Finally -- a bill I can believe in!
In case you missed the hoopla, Gov. Nathan Deal affixed his signature Monday to House Bill 861 which requires applicants for Temporary Assistance for Needy Families to pass a drug test -- once -- before receiving benefits. We are fixing to drug test welfare recipients, in other words. It's about time.
But as Lee Corso would say--"Not so fast my friend."
As you might expect, this new Georgia law has not been universally applauded. Go ahead and round up the usual suspects -- the American Civil Liberties, for example, and the Southern Center for Human Rights -- because they are threatening to file lawsuits against the state of Georgia and the new law and tie things up in court for years.
Civil liberties? Human rights? Which right do you suppose these organizations are championing? The right to use illegal drugs or the right to live on the public dole? I don't think they will be able to make a case to convince me of either argument -- particularly on the day that I filed my most recent income tax return.
Know what the first law ever made in what would become the United States was? "Thou who dost not work dost not eat." Captain John Smith came up with that one and it was a humdinger. It saved the Jamestown colony from extinction. Somewhere along the line that law became "Thou who dost not work may sitteth on thy lazy arses while the rest of us feedeth thou."
Save your breath and your ink. I am not against helping people who need help. I support our local food banks and all sorts of charitable institutions that help people who have fallen on hard times. I am merely against the government taking money from hard working individuals and giving it to dead beats -- and anyone who has money to spend on illegal drugs doesn't need my money to feed their family.
According to research this bill will save the state of Georgia almost $2 million a year by reducing the number of applicants for the program. They won't even apply, understand, if they know they will have to take a drug test. The test costs $17, by the way, and the applicants are required to foot the bill themselves.
If you aren't doing drugs you have nothing to fear. If you are, clean your act up and then apply. Sounds reasonable to me. And you only have to pass the sucker once.
Apparently there is a great disparity between what I find reasonable and what the ACLU and SCHR find reasonable. They claim that this new law is a clear violation of the Fourth Amendment.
Really? This is what the Fourth Amendment says.
"The right of the people to be secure in their persons, houses, papers and effects, against unreasonable search and seizures, shall not be violated, and no warrants shall issue, but upon probable cause, supported by oath or affirmation, and particularly describing the place to be searched, and the person or things to be seized."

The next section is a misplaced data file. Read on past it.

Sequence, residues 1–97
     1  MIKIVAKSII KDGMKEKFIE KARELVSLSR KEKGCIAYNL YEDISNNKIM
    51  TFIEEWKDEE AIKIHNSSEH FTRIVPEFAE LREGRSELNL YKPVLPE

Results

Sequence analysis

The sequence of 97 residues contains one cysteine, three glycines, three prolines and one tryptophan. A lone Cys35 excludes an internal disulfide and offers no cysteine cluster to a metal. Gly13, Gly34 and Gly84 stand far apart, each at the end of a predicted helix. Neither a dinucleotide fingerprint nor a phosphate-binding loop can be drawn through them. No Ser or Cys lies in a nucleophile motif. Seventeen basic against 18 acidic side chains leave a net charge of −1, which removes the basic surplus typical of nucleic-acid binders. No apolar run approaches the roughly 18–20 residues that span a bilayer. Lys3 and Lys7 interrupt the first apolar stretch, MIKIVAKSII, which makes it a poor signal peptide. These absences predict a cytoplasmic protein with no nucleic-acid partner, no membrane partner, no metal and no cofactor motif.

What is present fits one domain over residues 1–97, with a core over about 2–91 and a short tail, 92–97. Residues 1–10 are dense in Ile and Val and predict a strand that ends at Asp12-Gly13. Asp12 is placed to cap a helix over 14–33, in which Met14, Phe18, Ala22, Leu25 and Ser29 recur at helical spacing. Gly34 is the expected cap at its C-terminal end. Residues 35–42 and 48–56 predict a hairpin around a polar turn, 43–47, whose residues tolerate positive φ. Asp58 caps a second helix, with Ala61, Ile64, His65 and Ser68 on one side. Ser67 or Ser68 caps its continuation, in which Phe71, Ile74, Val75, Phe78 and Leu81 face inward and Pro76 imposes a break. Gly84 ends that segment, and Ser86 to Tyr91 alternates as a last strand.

These agencies are convinced they can find an activist judge who will declare that a drug test is a violation of the implied privacy of the Fourth Amendment. In the immortal words of former governor Lester Maddox, "Phooey."
I think the key word here is "unreasonable." This law does not profile or accuse or choose people at random. It is to be equally applied to all. If you want to ask the rest of the people to help you support your family I think it is perfectly reasonable for the rest of the people to ask you to prove that you are a law-abiding citizen who is not wasting the resources you have at your disposal on illicit drugs.
Goodness gracious, y'all. You can't even play football at Georgia if you use drugs -- at least not in the first couple of games. Why should you be able to eat at the public trough?
Our neighbors to the South passed a similar law last year. They were the first state to do so. It is currently under challenge in the 11th U.S. Circuit Court of Appeals. A Florida judge suspended their law until the outcome of the appeals is determined. The opponents of the Georgia law claim that that is reason enough for the governor to have vetoed House Bill 861.
Our elected officials are charged with looking after the public trust. A part of the public trust is to spend the people's money wisely. I think this is a much needed step in the right direction. Maybe one day we will realize that "we the people" are not entitled to spend other folks' money and that "life, liberty and the pursuit of happiness" doesn't include the right to toke up while living on the public dole.
I know. I know. But a guy can dream.
Darrell Huckaby is a local educator and author. Email him at firstname.lastname@example.org. For past columns, visit www.rockdalecitizen.com or www.newtoncitizen.com.